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Despite lower valuations, continued earnings growth means equity markets and corporate bonds will continue to do well,  with room to extend gains in 2018.
Despite lower valuations, continued earnings growth means equity markets and corporate bonds will continue to do well,  with room to extend gains in 2018.

Global Growth to Extend Gains

Recession is unlikely in 2018, with global growth expected to remain relatively strong in Europe and most emerging markets with the exception of China, where growth is weakening

Global Growth to Extend Gains

The global economy is expected to “heat up” in 2018 on the back of increasing economic activity, following a period of “Goldilocks” investment conditions (neither too hot nor too cold), according to Standard Chartered.
“Growth accelerated in 2017, but inflation did not,” Steve Brice, chief investment strategist at Standard Chartered Bank said in a report. “We believe a gradual heating up of the global economy is likely in 2018, with robust economic growth and inflation finally increasing, ” Bloomberg reported.
Last year was characterized by favorable conditions created by strong economic growth and limited inflation, according to the bank’s 2018 Wealth Management Advisory Outlook. This is expected to continue throughout the early part of 2018, but it “cannot go on forever”, the lender said.
Further into the year, the economy will see a gradual pivot to a more reflationary state, combining stronger economic growth with increasing inflation due to rising commodity prices and declining slack in the economy—whether in labor or product markets.
A sharper than expected inflation rise would mean the fiscal environment “turns too hot”, putting upward pressure on interest rates and bond yields and forcing central banks to tighten policy more aggressively than markets expect.
“It will be increasingly difficult for investors relying predominantly on bonds to generate the level of total returns witnessed in the recent past, even on a leveraged basis, as rising yields will lead to lower prices,” the report said.

Tilting Towards Equities
Despite lower valuations, continued earnings growth means equity markets and corporate bonds will continue to do well, with room to extend gains in 2018.
The bank said equities is its “preferred asset class”, offering above-average gains in most regions.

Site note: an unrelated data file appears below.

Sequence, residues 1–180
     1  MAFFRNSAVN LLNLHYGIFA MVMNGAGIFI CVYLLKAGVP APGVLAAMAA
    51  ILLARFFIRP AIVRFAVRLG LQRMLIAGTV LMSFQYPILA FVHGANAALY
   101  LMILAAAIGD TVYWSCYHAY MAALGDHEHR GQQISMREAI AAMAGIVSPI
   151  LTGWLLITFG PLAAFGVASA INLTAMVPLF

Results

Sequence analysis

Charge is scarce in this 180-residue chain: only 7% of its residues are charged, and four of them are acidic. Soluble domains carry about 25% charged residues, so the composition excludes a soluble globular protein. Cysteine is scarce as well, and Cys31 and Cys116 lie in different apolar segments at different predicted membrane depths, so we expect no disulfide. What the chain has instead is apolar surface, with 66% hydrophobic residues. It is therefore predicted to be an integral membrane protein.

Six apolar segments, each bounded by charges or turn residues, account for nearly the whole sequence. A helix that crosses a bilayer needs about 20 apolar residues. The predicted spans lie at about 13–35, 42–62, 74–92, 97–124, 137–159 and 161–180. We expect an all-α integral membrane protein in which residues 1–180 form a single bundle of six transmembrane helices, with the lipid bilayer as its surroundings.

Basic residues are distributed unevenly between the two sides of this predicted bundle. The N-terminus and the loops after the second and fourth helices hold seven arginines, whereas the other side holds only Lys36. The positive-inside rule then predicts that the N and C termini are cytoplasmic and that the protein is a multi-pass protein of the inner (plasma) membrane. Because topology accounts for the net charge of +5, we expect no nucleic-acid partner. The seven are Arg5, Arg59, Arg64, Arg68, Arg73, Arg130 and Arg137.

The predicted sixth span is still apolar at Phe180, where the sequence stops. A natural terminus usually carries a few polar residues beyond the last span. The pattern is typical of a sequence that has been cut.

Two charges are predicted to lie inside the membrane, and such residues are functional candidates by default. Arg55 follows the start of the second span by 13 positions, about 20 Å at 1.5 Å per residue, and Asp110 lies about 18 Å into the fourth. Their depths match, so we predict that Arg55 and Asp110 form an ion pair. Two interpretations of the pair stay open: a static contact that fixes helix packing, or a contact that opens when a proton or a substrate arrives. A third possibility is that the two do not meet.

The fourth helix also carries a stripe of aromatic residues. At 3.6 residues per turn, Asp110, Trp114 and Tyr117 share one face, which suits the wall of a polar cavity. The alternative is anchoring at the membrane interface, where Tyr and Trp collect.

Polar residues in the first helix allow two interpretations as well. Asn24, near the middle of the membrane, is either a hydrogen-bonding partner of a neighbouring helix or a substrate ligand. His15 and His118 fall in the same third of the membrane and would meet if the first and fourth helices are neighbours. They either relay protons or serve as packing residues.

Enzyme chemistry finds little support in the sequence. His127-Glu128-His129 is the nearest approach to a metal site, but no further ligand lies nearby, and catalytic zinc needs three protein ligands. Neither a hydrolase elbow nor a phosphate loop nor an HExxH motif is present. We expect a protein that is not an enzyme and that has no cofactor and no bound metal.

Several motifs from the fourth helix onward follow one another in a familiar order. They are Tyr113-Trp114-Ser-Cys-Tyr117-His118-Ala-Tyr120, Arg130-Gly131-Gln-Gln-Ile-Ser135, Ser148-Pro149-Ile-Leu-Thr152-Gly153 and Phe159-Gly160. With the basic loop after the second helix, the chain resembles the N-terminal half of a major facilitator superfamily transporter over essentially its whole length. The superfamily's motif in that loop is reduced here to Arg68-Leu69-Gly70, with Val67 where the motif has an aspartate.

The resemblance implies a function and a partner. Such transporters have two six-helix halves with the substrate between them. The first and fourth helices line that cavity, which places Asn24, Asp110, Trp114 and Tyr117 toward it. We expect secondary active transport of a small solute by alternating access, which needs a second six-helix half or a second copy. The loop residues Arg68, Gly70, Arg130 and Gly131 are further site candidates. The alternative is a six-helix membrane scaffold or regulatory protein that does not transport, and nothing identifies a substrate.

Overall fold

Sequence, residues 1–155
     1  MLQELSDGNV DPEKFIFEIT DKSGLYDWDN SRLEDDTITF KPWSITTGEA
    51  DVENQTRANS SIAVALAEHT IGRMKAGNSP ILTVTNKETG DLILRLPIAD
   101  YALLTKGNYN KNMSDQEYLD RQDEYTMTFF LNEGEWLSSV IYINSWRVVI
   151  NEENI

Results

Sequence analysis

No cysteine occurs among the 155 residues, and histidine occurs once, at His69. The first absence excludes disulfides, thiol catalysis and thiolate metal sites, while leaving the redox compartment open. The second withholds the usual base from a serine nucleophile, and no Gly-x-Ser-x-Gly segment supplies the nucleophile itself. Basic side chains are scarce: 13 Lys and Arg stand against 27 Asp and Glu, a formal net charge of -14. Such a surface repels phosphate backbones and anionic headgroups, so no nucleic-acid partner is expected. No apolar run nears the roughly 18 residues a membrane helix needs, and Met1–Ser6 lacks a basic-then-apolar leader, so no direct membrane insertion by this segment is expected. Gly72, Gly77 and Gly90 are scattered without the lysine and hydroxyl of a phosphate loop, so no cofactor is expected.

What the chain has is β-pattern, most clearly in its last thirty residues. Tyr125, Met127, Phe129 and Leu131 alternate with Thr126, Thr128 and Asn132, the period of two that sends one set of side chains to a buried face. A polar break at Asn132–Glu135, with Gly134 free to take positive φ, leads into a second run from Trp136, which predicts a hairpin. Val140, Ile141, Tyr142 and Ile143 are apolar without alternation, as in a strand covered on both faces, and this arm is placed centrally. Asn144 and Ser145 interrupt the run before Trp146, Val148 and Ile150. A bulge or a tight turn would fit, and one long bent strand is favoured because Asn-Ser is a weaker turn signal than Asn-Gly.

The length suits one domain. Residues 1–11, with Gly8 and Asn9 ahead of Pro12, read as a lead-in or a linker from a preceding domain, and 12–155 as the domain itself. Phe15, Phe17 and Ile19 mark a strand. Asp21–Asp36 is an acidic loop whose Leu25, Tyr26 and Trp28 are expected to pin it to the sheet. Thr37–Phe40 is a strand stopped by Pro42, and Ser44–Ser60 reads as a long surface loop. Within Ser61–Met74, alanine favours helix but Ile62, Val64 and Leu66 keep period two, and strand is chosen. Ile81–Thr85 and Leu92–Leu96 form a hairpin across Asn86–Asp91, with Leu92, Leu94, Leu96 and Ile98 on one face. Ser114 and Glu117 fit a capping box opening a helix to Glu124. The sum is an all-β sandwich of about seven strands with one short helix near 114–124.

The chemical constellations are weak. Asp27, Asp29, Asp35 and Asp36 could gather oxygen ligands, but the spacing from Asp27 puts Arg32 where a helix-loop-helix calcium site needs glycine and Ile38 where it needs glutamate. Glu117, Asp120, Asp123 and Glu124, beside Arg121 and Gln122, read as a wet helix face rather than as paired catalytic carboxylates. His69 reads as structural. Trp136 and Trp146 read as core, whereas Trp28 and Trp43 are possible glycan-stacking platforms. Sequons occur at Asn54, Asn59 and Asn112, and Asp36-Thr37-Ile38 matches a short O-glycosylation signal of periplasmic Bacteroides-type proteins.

“We suggest investors continue to tilt towards equities, which generally do well in the late stage of the economic cycle, as we do not believe valuations are a constraint to a strong performance in 2018,” said Gautam Duggal, Standard Chartered Bank’s regional head of wealth management for Africa, the Middle East and Europe.
For those investing in bonds, emerging markets bonds are the preferred instrument, supported by an expected weakening of the US dollar—“the end of a bullish USD super-cycle”, the report said. In particular, emerging markets bonds offer an attractive balance between yield and quality.
The bank said recession is unlikely in 2018, with global growth expected to remain “relatively strong” in Europe and most emerging markets with the exception of China, where growth is weakening.
However, in addition to increasing exposure to pro-growth assets, Standard Chartered said it advises investors to consider less volatile investment strategies to improve risk-reward profiles.
“To contain potential downside risks, we advise investors to progressively increase allocations to diversified alternative strategies, likely to be less volatile than traditional asset classes,” Duggal said.

Global PMI in 2017
The global economy ended 2017 on a buoyant note, according to PMI survey data. Current business activity growth gained momentum and rising inflows of new orders suggest that business will start 2018 on the front foot, Seeking Alpha reported.
The brighter outlook and signs of stretched capacity led to the largest rise in employment for a decade. Price pressures meanwhile remained elevated, reflecting improved pricing power amid robust demand.
The headline JPMorgan Composite Output PMI, compiled by IHS Markit from its various national PMI surveys, hit 54.4 in December, up from 54.1 in November and its highest since March 2015. The average PMI reading for 2017 as a whole indicated the strongest annual performance since 2014.
The latest surveys are running at a pace broadly consistent with global gross domestic product growth accelerating to an annual rate of just over 2.5% at market prices in the fourth quarter.
An improvement in inflows of new business, which showed the largest monthly rise since June 2014, bodes well for the upturn to gather further momentum in January. With levels of outstanding business (orders not yet started or completed) showing the largest monthly rise for four years, the surveys also point to global operating capacity being stretched by the recent upswing in demand.
Companies added to their payrolls in increasing numbers to help cope with the improved demand. Employment showed the largest monthly gain since December 2007, also rounding-off the best year of worldwide jobs growth for a decade.

 

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